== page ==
Open Access

Comparison of koala LPCoLN and human strains of Chlamydia pneumoniae highlights extended genetic diversity in the species

  • Candice M Mitchell1,
  • Kelley M Hovis2,
  • Patrik M Bavoil2,
  • Garry SA Myers3,
  • Jose A Carrasco2 and
  • Peter Timms1Email author
BMC Genomics201011:442

DOI: 10.1186/1471-2164-11-442

Received: 6 November 2009

Accepted: 21 July 2010

Published: 21 July 2010

Abstract

Background

Chlamydia pneumoniae is a widespread pathogen causing upper and lower respiratory tract infections in addition to a range of other diseases in humans and animals. Previous whole genome analyses have focused on four essentially clonal (> 99% identity) C. pneumoniae human genomes (AR39, CWL029, J138 and TW183), providing relatively little insight into strain diversity and evolution of this species.

Results

We performed individual gene-by-gene comparisons of the recently sequenced C. pneumoniae koala genome and four C. pneumoniae human genomes to identify species-specific genes, and more importantly, to gain an insight into the genetic diversity and evolution of the species. We selected genes dispersed throughout the chromosome, representing genes that were specific to C. pneumoniae, genes with a demonstrated role in chlamydial biology and/or pathogenicity (n = 49), genes encoding nucleotide salvage or amino acid biosynthesis proteins (n = 6), and extrachromosomal elements (9 plasmid and 2 bacteriophage genes).

Conclusions

We have identified strain-specific differences and targets for detection of C. pneumoniae isolates from both human and animal origin. Such characterisation is necessary for an improved understanding of disease transmission and intervention.

Background

The Chlamydiaceae are obligate intracellular pathogens that undergo a unique biphasic developmental cycle involving the inter-conversion between the extracellular infectious elementary body and the intracellular, replicative reticulate body. Chlamydia 'Chlamydophila' pneumoniae is probably one of the most successful chlamydial species, having established a niche in a range of warm-blooded (homoeothermic) and cold-blooded (poikilothermic) hosts, including humans, horses, marsupials, frogs and reptiles [15]. C. pneumoniae human infections are associated with bronchitis, pharyngitis, community-acquired pneumonia and more recently chronic diseases, such as atherosclerosis and stroke [6, 7] myocarditis [8], multiple sclerosis [9] and Alzheimer's disease [10].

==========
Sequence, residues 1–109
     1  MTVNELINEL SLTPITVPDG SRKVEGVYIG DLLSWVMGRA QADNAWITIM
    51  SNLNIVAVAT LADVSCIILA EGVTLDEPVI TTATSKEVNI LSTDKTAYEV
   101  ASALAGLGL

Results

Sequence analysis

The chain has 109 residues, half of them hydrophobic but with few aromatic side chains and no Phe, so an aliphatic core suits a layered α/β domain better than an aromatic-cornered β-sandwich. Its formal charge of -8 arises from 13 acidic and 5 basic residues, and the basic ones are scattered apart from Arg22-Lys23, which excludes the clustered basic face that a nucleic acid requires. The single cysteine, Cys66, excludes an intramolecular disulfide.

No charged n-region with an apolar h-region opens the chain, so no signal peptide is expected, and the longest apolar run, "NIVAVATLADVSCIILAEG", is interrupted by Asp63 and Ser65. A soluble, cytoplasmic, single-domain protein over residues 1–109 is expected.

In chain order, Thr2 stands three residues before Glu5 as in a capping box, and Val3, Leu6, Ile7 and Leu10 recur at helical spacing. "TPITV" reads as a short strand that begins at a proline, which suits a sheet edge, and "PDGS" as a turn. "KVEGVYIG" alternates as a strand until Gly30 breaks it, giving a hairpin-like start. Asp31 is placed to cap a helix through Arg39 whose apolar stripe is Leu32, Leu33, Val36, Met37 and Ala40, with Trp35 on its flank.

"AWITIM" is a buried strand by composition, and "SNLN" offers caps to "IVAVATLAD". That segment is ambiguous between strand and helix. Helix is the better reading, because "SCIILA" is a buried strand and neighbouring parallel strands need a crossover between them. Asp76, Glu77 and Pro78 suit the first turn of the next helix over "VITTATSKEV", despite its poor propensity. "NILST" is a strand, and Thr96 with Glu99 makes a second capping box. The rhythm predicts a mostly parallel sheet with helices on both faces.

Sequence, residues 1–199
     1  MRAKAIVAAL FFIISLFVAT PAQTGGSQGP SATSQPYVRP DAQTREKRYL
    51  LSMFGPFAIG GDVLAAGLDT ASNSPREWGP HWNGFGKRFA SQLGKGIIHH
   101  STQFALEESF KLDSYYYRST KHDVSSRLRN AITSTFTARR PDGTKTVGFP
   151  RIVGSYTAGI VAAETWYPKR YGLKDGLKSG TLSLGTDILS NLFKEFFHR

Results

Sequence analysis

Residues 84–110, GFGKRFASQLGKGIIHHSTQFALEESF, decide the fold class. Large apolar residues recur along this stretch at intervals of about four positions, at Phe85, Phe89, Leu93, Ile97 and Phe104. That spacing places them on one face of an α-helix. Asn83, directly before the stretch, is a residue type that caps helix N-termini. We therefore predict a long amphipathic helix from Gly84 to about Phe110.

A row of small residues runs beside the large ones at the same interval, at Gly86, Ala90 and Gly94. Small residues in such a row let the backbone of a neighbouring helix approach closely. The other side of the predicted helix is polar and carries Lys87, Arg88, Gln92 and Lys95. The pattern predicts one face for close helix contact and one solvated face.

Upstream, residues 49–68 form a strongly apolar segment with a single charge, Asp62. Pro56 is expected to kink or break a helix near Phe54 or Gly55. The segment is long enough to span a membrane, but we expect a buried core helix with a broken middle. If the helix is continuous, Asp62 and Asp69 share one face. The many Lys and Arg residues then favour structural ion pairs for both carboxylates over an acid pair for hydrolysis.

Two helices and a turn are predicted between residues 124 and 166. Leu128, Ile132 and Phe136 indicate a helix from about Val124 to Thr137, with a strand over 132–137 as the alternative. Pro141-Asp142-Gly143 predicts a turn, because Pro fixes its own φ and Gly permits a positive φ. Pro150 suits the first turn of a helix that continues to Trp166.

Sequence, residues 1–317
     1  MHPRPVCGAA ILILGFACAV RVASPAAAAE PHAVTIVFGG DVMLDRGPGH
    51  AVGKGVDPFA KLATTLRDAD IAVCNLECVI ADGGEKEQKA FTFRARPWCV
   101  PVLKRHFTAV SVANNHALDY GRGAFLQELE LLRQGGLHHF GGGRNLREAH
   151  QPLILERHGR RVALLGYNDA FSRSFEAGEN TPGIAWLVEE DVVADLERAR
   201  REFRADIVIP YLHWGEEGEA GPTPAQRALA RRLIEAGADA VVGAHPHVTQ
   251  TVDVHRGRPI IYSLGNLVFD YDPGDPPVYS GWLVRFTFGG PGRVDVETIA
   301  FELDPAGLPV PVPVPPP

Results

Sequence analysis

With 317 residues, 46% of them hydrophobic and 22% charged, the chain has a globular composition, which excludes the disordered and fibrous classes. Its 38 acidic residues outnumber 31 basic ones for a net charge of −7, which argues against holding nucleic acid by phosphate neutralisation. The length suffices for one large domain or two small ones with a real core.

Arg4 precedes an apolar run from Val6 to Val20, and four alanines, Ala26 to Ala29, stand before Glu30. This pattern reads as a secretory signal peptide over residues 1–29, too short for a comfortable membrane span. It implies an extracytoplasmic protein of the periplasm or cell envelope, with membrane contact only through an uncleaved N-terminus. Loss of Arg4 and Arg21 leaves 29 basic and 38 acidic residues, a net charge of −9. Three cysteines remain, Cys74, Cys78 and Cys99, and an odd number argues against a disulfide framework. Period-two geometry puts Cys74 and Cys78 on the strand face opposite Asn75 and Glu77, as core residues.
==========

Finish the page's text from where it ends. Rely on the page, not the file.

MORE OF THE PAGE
Australia's native icon, the koala (Phascolarctos cinereus), is found throughout Australia's north-eastern and southern eucalypt regions and is commonly infected with chlamydiae [1114]. While the decline in koala populations has largely been the result of hunting and a diminished habitat, there is great concern for the koala due to an increased incidence of disease [15]. It is estimated that almost all of the nations free-range koala populations and many in captive populations are affected by C. pneumoniae and/or C. pecorum (the most common of the two species). C. pneumoniae-infected koalas may develop a respiratory illness similar to that in humans with clinical signs of sneezing, coughing, nasal discharge and chest congestion [16, 17]. C. pneumoniae koala is not restricted to the respiratory tract and has been isolated from ocular and urogenital tract sites (often in conjunction with C. pecorum), although disease at these sites is poorly understood [13].

Exposure to C. pneumoniae is widespread due to effective aerosol transmission and outbreaks have been reported in humans [1821], horses [22], frogs [23] and koalas [13]. However, the original source of infection remains undetermined. Myers et al.[24] recently published the full 1.24 Mbp genome sequence of the C. pneumoniae koala LPCoLN isolate, the first analysis of a C. pneumoniae genome from a non-human host species. This study revealed that the five C. pneumoniae genomes were highly similar in genomic organisation and gene order, although some notable differences were observed [24]. In contrast to the highly conserved human-derived isolates, a relatively high number of single nucleotide polymorphisms, SNPs (6213) differentiated koala LPCoLN from human AR39 [24]. In the proposed phylogeny (based on SNPs from 111 highly conserved genes), which encompassed all five C. pneumoniae genomes and five sequenced animal chlamydial genomes (C. pecorum E58, C. muridarum Nigg, C. caviae GPIC, C. psittaci 6BC and C. abortus s26/3), koala LPCoLN was basal to the C. pneumoniae human isolates (larger genome and many full-length genes relative to human isolates).

In the present report we perform a comparative analysis of the whole koala LPCoLN genome sequence, highlighting the components that distinguish the strain isolated from the koala (animal), from those isolated from humans. These comparisons point to candidates of strain-specific adaptations and may provide potential targets for improved diagnostic tests, therapeutic intervention and epidemiological investigations.

Results